The Peculiar Case of Negro Jack

Brett Trace / 2013 Summer E-tern / Stevenson University

While working through the folio pages from the Colchester store in 1759-1760, I came across several references to a man known as “Negro Jack.”  My interest was piqued, but I didn’t begin getting curious to the point of wanting to investigate until I came across an account dedicated to one “Negro Jack belongg [belonging] to Mr. Linton’s Estate”.  This man, who was noted as belonging to another man’s estate, had his own account with the Colchester Store.  It was at this point that the questions began to arise.  Were the money and purchases made in this account for Jack, or was this an account on behalf of his master?  How was he making the money?  And if this was his own, independent account, what does that say about the institution of slavery in colonial Virginia?

Negro Jack’s account.

This led me to focus on anything and everything I could find out about Negro Jack.  I learned by combing through Jack’s accounts over time that he was able to work outside of his master’s estate to garner his own money.  This knowledge raises the question, what was Jack doing that had him so busy?  Not only was Jack working for his owner’s estate, he was earning his own wages and was in demand.  His account crosses the ledgers of the Colchester store.  And, he has many different people paying him for his work.  So just what did Jack do?  As it turns out, Jack was quite the accomplished carpenter (or joiner).  From small wooden cribs to “1 Pine Table for the Store”, Jack seems to have been a skilled carpenter who was trusted to make furniture for the Colchester Store.  One of the more exciting discoveries was that Jack was paid in November 1764 for the repair of a bridge over a mill race.  Not only was Jack hired for this important repair, he was hired by Benjamin Grayson, who also owned a store in Colchester.  This leads one to believe that Jack was talented enough to warrant the attention of all sides.

Negro Jack’s account (bridge repair reference).

Knowing that Jack made his own money and often found work begs the question, what was Jack spending this money on?  Most of Jack’s purchases were on par with what everyone else was purchasing: bottles of rum, nails, hinges, and even bottles of Turlington’s Balsam of Life, that peculiar all-powerful elixir that many were buying.  But one purchase stands out among the rest.  In December 1760, Jack purchased “4 wt [pounds] Shott…[and] 4 flints”.  This indicates that Jack owned (or had access to) at least one firearm, which should have been highly unusual for someone belonging to another man’s estate given the 1748 Act prohibiting slaves from possessing guns:

XVIII. And be it further enacted, by the authority aforesaid, That no slave shall go from the plantation, or seat of land whereon he, or she, is appointed to live, without a certificate of leave, in writing, from his, or her owner, or overseer, or by their express order: And that no negroe, mulattoe, or Indian whatsoever, shall keep, or carry any gun, powder, shot, club, or other weapon, whatsoever, offensive, or defensive, but all and every gun, weapon, and ammunition, found in the custody or possession of any negroe, mulattoe, or Indian, may be seized by any person, and upon due proof thereof made before any justice of peace, of the county where such seizure shall be, shall by his order, be forfeited to the seizor, for his own use; and moreover, every such offender shall have, and receive, by order of such justice, any number of lashes, not exceeding thirty nine, on his, or her bare back, well laid on, for every such offence.[1]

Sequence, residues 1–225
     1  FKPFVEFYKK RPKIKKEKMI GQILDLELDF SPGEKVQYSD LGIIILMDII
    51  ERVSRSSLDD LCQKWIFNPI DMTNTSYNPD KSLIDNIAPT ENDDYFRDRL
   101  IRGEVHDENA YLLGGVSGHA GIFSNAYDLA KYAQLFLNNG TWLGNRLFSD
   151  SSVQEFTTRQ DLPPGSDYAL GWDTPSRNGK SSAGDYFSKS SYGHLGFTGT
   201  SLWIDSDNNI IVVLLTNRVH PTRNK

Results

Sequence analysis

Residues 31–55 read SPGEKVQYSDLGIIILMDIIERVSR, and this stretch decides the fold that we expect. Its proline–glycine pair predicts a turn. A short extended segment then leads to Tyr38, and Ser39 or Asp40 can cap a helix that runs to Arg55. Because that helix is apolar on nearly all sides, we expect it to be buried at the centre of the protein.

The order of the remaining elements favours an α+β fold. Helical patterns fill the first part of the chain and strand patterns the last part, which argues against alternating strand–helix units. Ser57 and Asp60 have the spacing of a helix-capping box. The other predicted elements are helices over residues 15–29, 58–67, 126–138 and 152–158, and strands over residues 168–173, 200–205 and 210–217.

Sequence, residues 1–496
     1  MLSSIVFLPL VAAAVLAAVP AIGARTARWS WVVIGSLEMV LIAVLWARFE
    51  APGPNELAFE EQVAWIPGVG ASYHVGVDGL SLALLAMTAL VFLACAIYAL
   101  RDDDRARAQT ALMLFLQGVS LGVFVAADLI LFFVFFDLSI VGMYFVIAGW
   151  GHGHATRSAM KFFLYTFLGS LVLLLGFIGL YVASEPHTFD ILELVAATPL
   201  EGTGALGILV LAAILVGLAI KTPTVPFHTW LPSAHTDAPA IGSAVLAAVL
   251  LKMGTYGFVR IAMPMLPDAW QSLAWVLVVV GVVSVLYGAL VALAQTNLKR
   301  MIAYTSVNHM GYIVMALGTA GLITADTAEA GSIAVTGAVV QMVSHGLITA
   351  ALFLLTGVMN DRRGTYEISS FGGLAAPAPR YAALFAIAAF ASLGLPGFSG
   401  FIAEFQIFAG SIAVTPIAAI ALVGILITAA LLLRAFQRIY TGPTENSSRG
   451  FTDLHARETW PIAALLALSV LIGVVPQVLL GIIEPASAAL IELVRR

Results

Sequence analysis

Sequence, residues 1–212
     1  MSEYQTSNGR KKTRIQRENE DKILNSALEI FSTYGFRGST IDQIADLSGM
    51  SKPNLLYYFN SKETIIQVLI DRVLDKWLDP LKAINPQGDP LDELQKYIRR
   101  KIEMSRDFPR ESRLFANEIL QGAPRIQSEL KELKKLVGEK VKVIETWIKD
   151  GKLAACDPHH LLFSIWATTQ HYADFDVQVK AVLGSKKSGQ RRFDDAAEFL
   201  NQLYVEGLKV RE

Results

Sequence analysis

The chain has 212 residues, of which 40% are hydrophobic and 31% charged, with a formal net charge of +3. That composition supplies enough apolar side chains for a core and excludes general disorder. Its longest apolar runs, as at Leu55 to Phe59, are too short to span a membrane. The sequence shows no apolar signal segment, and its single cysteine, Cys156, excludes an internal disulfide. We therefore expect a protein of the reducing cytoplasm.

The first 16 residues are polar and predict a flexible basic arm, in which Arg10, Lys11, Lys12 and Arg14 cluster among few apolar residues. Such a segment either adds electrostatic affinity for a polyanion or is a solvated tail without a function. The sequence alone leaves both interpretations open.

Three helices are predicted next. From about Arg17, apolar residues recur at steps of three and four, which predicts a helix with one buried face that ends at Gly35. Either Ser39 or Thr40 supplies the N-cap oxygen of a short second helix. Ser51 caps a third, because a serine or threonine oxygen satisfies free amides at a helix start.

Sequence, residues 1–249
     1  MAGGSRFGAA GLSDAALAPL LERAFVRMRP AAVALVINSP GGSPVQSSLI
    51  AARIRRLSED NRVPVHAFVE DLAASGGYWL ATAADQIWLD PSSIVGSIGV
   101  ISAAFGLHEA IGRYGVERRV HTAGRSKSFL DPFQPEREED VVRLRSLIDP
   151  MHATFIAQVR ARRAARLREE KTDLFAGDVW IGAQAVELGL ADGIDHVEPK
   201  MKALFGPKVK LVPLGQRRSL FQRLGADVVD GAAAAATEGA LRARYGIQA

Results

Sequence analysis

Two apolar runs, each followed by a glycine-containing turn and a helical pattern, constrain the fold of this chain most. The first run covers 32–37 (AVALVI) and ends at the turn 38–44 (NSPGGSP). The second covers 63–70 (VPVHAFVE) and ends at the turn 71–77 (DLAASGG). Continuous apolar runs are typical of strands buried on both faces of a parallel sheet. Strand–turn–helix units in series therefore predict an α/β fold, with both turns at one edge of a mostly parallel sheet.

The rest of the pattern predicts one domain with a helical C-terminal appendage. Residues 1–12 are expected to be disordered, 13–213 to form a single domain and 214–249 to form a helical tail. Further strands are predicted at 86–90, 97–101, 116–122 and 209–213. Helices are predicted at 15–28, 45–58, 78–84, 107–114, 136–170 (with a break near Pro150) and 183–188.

However, the act did authorize for free blacks to possess one firearm.  Was Jack’s ability to purchase munitions an informal acknowledgement of his status within the community?

The more research someone does into Negro Jack’s life, the more questions that arise about him.  He was an accomplished carpenter who was in high demand for his work.  He was able to keep accounts and money separate of Mr. Linton’s estate.  And his purchases show that he was able to circumvent certain colonial regulations on slaves.  Jack raises many questions that my brief research cannot answer, but he is certainly one the store’s most intriguing patrons.


[1] Hening’s Statutes at Large. Vol. 6, pp. 109-10 (1748).  “An Act directing the trial of Slaves committing capital crimes; and for the more effectual punishing conspiracies and insurections of them; and for the better government of negroes, mulattoes, and Indians, bond or free.”

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2 Responses to The Peculiar Case of Negro Jack

  1. Martha Katz-Hyman says:

    Negro Jack was by no means the only Virginia slave who ran a credit account with a store keeper. One of the paradoxes of slavery in the 18th century was that enslaved men and women sold both their labor and the products they made or raised (e.g., baskets, stools, chickens) and then turned right around and purchased consumer goods with that money: it was not unusual and it was not seen as anything special. This kind of activity persisted into the 19th century as well, in all areas where enslaved men and women lived and worked. Ann Smart Martin’s book, “Buying into the World of Goods: Early Consumers in Backcountry Virginia,” has an excellent chapter on African Americans as consumers in the 18th century.

    You might want to look at “World of Slave: Encyclopedia of the Material Life of Slaves in the United States” under “Credit Accounts” for more examples.

  2. Gene strock says:

    Great going Bret!!!!!!! Hope to see more of the thing your working on……..

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